After a spin or two of Simple Lies' second album Let It Kill, I've been wondering how successful their first album was. I guess that's because I don't quite know what to make of this album. Overall, I can't imagine myself listening to it anytime in the future. Alternatively, there are some interesting aspects to the Simple Lies sound.
They definitely draw some of their sound from classic melodic hard rock and metal. I'm thinking late Eighties stuff, mostly from some of the groove and gang vocals. You catch this within Freak Show and Miss Anthropy. Then there's the sharp guitars, with lots of big riffage, maybe even slightly d-tuned. Combined with deep bottom end, the guitar lines give Simple Lies a strong heavy metal edge. And they toss in more than few strong solos, always a good thing. As for the vocals, I could take or leave Alessandro Rubino's voice, probably mostly leave. He sings clean and melodic, but he can be a little shrill and screamo at times, sometimes heard to understand. Yet somehow his voice compliments the brisk raw riffage. Mostly, though, I found I liked it when he stopped singing and the instruments played on or a guitar solo erupted.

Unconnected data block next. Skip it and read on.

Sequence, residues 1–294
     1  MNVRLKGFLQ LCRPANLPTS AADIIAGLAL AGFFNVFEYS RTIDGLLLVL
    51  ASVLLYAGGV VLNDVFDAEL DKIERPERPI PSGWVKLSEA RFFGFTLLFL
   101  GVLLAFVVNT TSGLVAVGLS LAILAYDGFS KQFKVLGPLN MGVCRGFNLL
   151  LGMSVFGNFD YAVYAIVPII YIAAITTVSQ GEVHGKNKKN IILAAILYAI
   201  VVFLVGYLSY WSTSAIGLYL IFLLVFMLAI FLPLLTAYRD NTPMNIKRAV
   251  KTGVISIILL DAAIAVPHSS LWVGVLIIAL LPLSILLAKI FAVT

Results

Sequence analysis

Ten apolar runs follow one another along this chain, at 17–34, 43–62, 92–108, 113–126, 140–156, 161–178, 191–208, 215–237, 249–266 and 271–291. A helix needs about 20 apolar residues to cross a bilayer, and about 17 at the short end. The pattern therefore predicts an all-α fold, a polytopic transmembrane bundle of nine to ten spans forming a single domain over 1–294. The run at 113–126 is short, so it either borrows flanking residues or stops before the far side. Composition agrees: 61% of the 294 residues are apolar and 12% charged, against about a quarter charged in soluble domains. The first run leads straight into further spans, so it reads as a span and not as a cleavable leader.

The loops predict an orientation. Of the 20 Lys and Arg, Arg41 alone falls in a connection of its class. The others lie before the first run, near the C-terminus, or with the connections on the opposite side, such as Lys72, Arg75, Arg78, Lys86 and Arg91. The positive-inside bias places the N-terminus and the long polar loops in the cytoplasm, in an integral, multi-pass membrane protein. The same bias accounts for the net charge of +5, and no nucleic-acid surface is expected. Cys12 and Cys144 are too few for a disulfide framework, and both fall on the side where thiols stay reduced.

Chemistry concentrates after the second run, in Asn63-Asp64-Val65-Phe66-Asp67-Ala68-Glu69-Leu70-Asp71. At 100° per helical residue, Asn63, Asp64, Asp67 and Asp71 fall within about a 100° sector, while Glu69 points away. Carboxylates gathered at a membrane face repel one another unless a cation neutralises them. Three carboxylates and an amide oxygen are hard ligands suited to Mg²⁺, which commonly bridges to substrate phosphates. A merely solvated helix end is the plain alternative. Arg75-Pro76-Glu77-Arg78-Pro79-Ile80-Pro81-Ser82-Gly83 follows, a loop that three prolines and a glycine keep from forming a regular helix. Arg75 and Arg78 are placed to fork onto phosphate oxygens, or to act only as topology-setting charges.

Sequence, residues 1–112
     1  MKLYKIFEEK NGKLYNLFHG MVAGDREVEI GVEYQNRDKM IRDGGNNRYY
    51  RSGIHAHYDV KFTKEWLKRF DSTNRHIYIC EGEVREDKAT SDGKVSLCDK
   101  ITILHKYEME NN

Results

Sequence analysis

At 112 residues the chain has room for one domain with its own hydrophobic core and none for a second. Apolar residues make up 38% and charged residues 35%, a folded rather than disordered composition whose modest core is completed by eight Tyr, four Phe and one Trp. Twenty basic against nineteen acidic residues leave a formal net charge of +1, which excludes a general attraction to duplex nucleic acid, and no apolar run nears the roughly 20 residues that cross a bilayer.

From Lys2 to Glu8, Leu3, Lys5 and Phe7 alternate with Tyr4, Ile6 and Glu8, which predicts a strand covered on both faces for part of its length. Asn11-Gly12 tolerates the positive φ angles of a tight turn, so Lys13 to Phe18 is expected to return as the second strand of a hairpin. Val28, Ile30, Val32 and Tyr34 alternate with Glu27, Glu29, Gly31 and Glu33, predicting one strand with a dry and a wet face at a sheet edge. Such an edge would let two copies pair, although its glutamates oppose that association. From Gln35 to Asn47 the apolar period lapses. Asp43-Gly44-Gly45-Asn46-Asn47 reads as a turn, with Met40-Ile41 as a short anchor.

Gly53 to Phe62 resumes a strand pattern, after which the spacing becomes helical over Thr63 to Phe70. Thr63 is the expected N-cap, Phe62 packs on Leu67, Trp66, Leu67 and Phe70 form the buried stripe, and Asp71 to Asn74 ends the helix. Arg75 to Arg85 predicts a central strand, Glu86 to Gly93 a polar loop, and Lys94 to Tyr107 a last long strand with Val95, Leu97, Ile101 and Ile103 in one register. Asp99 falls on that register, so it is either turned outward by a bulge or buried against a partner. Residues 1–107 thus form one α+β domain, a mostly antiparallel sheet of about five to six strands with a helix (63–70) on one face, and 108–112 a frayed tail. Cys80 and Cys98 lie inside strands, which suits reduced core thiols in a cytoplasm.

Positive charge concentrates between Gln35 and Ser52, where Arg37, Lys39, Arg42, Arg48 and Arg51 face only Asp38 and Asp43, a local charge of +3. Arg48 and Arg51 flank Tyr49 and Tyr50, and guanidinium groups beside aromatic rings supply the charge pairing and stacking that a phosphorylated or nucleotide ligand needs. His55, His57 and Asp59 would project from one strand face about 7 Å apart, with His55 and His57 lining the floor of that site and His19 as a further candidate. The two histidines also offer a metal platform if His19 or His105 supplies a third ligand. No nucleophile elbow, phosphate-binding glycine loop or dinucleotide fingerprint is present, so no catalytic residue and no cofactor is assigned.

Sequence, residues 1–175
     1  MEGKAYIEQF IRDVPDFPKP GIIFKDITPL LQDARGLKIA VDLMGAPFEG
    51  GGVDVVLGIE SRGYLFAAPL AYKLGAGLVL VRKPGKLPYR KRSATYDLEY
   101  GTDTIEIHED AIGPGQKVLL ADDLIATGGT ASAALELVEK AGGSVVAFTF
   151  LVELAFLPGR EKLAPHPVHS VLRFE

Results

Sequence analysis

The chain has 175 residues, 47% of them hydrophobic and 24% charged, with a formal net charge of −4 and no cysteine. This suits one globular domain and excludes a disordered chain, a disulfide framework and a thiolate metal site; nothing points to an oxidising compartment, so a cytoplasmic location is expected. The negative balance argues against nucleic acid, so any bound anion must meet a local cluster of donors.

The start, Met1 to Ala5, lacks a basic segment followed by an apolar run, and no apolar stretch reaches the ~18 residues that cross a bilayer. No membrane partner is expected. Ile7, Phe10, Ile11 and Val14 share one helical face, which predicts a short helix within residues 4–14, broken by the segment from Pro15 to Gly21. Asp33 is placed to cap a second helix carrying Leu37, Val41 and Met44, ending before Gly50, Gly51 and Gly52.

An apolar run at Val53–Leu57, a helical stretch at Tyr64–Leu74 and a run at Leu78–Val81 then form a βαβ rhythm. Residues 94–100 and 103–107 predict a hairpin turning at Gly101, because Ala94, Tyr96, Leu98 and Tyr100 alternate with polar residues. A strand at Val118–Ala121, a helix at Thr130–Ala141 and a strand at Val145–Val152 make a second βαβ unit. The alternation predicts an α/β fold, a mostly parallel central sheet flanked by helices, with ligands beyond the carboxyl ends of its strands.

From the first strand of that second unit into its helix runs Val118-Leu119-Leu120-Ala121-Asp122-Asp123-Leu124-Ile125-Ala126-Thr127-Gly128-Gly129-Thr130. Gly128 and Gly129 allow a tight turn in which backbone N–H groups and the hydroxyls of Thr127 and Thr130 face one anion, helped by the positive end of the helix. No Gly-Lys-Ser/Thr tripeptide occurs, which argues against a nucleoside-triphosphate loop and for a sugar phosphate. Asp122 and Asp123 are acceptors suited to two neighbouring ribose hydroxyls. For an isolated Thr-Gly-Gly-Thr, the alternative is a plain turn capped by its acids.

Then there's the songs themselves. Honestly, some just bored me senseless, couldn't wait for them to end, like Look At Me Now, Past Frames, or Sunday Morning Apologies. Another however, like A-men, can grab you at the start, pull you in, and simply rock out. This song starts with a great groove, brisk riffs, with a lead over top, and then drops down for the bass line to express itself. It's probably one of the best two minutes of this album. Similar, though not one of favorites, is Freak Show where the riffs and drums work in tandem throughout to give the song a marching groove. The aforementioned Miss Anthropy also gets the guitar/bass/drum groove going at the start. This basically carries a song that doesn't have much else going for it other than some catchy phrasing in the refrain.
I guess, in the end, I liked the parts better than the whole. Let It Kill definitely has strong points and moments, not the least of which is the guitar lines throughout. Yet, as a whole, as said earlier, I'm likely not going revisit the album again.
With Let It Kill, Simple Lies borrows from hard rock and heavy metal, both past and present, to create songs and album driven by strong sharp riffs, which in turn are powered by an equally strong rhythm section. Unfortunately, I didn't leave me all that impressed or interested.
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